Naked City

Headlines and happenings from Austin and beyond

Those aren’t reindeer: Blue Santa - the APD’s version of the Jolly Old Elf - went around town in something considerably bigger than a sleigh delivering toys to needy children on Saturday. The tradition has helped brighten the holidays for underprivileged kids since 1972. To donate or volunteer, call 220-BLUE,
or go to <a href= target=blank><b></b></a>.
Those aren’t reindeer: Blue Santa - the APD’s version of the Jolly Old Elf - went around town in something considerably bigger than a sleigh delivering toys to needy children on Saturday. The tradition has helped brighten the holidays for underprivileged kids since 1972. To donate or volunteer, call 220-BLUE, or go to (Photo By John Anderson)

Quotes of the Week

"We have brought torture, cluster bombs, depleted uranium, innumerable acts of random murder, misery, degradation, and death to the Iraqi people and call it 'bringing freedom and democracy to the Middle East.'"
– British playwright Harold Pinter, accepting the 2005 Nobel Prize for Literature

"And tonight, I ask all of you listening to carefully consider the stakes of this war, to realize how far we have come and the good we are doing, and to have patience in this difficult, noble, and necessary cause."
– President George W. Bush, defending the war on Iraq in a television address, Dec. 18


• City Council is on hiatus until Jan. 12. In last week's meeting, council enacted a moderated version of the public order ordinances, installing a stronger ban on panhandling and loitering, but refraining from further limits on door-to-door petitioning and streetside soliciting. See "Beside the Point."

• Negotiations between Capital Metro contractor StarTran and Local 1091 of the transit workers union remained tense and unresolved. On Monday, management said it had delivered its "Last, Best and Final Offer" and declared an impasse – if the company imposes a settlement, the union says it will call a strike. At (holiday) press time Tuesday, both parties were still hanging fire. See "Bus Negotiations Headed for Collision."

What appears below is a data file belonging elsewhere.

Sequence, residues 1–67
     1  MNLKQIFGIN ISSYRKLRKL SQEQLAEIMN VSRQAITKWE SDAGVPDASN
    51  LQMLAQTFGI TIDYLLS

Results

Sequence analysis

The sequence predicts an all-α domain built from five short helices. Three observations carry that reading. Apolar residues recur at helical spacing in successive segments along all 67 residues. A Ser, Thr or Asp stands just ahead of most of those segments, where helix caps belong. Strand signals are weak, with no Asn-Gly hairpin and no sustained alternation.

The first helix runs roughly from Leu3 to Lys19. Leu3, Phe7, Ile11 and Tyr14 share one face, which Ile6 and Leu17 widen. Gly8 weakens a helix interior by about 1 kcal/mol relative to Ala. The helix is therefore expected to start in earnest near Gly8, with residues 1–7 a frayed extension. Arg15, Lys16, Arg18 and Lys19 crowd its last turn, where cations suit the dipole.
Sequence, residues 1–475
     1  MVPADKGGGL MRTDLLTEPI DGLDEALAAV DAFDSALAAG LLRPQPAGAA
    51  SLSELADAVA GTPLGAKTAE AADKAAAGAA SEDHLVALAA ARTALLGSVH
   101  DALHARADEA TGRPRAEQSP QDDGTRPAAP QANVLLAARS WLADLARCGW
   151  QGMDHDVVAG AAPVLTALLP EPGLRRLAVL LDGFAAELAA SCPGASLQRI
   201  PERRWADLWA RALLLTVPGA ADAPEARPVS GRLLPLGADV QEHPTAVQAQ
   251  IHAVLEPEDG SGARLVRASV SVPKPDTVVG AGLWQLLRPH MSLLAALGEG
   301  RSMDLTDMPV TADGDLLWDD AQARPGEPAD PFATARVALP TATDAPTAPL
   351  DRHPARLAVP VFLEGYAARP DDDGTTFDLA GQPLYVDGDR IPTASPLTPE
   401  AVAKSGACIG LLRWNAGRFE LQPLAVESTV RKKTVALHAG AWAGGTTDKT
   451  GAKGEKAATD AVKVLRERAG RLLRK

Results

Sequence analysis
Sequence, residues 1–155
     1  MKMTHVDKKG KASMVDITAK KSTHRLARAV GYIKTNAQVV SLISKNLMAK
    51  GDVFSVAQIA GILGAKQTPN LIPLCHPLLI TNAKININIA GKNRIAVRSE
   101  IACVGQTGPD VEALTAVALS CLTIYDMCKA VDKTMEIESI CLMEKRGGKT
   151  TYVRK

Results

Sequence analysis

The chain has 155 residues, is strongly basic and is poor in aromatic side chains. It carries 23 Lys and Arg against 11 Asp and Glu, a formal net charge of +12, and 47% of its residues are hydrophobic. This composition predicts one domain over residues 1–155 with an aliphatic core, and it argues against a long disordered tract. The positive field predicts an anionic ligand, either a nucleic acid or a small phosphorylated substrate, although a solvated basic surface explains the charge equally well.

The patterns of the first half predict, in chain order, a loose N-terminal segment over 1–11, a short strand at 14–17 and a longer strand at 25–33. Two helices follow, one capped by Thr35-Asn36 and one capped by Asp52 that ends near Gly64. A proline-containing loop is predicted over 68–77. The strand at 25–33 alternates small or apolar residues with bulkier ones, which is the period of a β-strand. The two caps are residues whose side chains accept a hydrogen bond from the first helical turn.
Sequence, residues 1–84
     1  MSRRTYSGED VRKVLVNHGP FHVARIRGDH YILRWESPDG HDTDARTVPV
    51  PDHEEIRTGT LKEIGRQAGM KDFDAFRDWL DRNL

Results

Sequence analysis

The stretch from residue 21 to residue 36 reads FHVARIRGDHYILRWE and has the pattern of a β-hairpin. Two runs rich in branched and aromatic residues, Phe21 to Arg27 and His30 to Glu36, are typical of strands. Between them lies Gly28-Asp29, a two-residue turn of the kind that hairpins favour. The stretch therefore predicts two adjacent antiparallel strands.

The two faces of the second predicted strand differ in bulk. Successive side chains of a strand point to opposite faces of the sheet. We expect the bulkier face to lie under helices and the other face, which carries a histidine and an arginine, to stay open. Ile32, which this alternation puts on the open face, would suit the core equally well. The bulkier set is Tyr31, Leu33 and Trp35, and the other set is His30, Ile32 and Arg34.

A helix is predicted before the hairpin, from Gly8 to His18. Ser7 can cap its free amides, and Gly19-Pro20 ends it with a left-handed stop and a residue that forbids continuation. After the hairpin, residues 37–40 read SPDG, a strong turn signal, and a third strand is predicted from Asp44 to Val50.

• Judge Pat Priest declined to schedule an early January trial for U.S. Rep. Tom DeLay in the TRMPAC case, saying he would wait until an appeals court rules on his dismissal of the conspiracy charge, one of three charges against the former majority leader. DeLay's attorneys are hoping to sever DeLay's case from his two co-defendants for a quick decision, but the appeal may take weeks or months.

• President Bush went on the offensive this week – not against Iraqi insurgents, but against congressional opponents of both parties who object to his authorization of National Security Agency wiretaps without the legally required judicial warrants. Bush also demanded that the Senate reauthorize the PATRIOT Act unamended; if the law is not passed by Dec. 31, it will expire.

Naked City

• A second Republican joined the House District 48 race on Monday, just one day before a drawing to set the ballot order for the Jan. 17 special election. Computer consultant Robert Reynolds is the fifth candidate vying to fill the vacancy created by Rep. Todd Baxter's resignation. In Tuesday's drawing, Democrat Kathy Rider won the top placement on the ballot, followed by Democrat Donna Howard, Libertarian Ben Easton, Republican Robert Reynolds, and Republican Ben Bentzin. Reynolds' last-minute entry into the race left some Dems wondering if the party enlisted him in response to this week's news tying scandal-ridden D.C. lobbyist Jack Abramoff to Bentzin's 1992 race against state Sen. Gonzalo Barrientos, as well as Baxter's campaign against former Rep. Ann Kitchen. – Amy Smith